Graefe’s Iowa upbringing also helped prepare him for a career in politics, he says. His father, like him, was a Roman Catholic and a Democrat. His mother was a Presbyterian and a Republican. “So I’m used to diversity and spirited debate,” he jokes.

Graefe describes himself as a “classical New Dem: pro-business, strong on defense, fiscally conservative but with a social conscience for those less fortunate who need a helping hand. Marines never leave their dead or wounded on the battlefield.”

Graefe’s military experience permanently shaped his worldview. “When I look at people’s biographies [or curricula vitae] today, I still look to see what they were doing from 1966 to ’73. I still look to see whether they served or whether they chose to do something else,” he says.

Appropriately, Graefe’s links to politics began the day he became a Marine. In 1967, he graduated from Loyola University in New Orleans and received his commission. It was signed by Secretary of the Navy John Chafee, the Rhode Island Republican who later would serve in the Senate.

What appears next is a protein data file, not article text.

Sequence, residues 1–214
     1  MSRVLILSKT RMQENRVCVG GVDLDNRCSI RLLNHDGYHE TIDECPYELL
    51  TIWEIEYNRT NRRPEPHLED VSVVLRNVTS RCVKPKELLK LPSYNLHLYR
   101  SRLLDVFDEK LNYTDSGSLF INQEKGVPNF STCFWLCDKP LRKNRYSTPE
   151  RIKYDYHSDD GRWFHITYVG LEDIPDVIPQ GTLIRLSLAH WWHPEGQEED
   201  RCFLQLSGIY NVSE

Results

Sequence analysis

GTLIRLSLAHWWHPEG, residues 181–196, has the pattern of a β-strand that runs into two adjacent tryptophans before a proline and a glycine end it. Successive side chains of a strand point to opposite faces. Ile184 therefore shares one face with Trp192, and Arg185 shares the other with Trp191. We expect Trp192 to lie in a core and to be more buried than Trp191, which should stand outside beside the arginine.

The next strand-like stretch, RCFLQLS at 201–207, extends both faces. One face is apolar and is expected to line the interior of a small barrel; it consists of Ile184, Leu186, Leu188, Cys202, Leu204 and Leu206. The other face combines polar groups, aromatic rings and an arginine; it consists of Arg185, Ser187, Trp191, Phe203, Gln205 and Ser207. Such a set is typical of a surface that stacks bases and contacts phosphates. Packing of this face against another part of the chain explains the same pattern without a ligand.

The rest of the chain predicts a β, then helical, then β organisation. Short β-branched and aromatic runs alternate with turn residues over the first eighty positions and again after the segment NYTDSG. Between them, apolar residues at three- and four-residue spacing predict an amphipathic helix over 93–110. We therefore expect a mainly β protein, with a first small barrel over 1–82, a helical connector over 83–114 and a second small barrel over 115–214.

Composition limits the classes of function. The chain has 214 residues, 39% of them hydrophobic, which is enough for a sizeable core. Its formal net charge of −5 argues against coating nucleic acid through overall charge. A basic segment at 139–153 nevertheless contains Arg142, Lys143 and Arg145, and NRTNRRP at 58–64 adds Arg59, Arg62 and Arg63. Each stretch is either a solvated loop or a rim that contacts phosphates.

“Several years later, it was a humbling experience then to go lobby him,” Graefe says. “Here was this giant, he’d been a Marine in World War II and Korea, secretary of the Navy, and here he is a United States senator.”

Graefe fondly recalls how every encounter with Chafee started the same way:

“Senator, how are you?”

“Lieutenant, how are you?”

During his early days in Washington, Graefe also brushed up against a giant in the lobbying field, Thomas “Tommy the Cork” Corcoran, a former Roosevelt aide who is regarded by many as the prototypical modern lobbyist.

Graefe clerked for two years under U.S. District Court Judge Howard Corcoran, Thomas’s younger brother, after graduating from the Georgetown University Law Center in 1973. Graefe also has a master’s degree in civil war history from Georgetown, which he earned in night school during his last year in the Corps.

His introduction to Capitol Hill came during his law school days. Graefe was a research assistant to law school dean Adrian “Butch” Fisher, a veteran lawyer and statesman. In that capacity, Graefe helped Fisher prepare testimony for congressional hearings on the peace talks aimed at ending the war in Vietnam.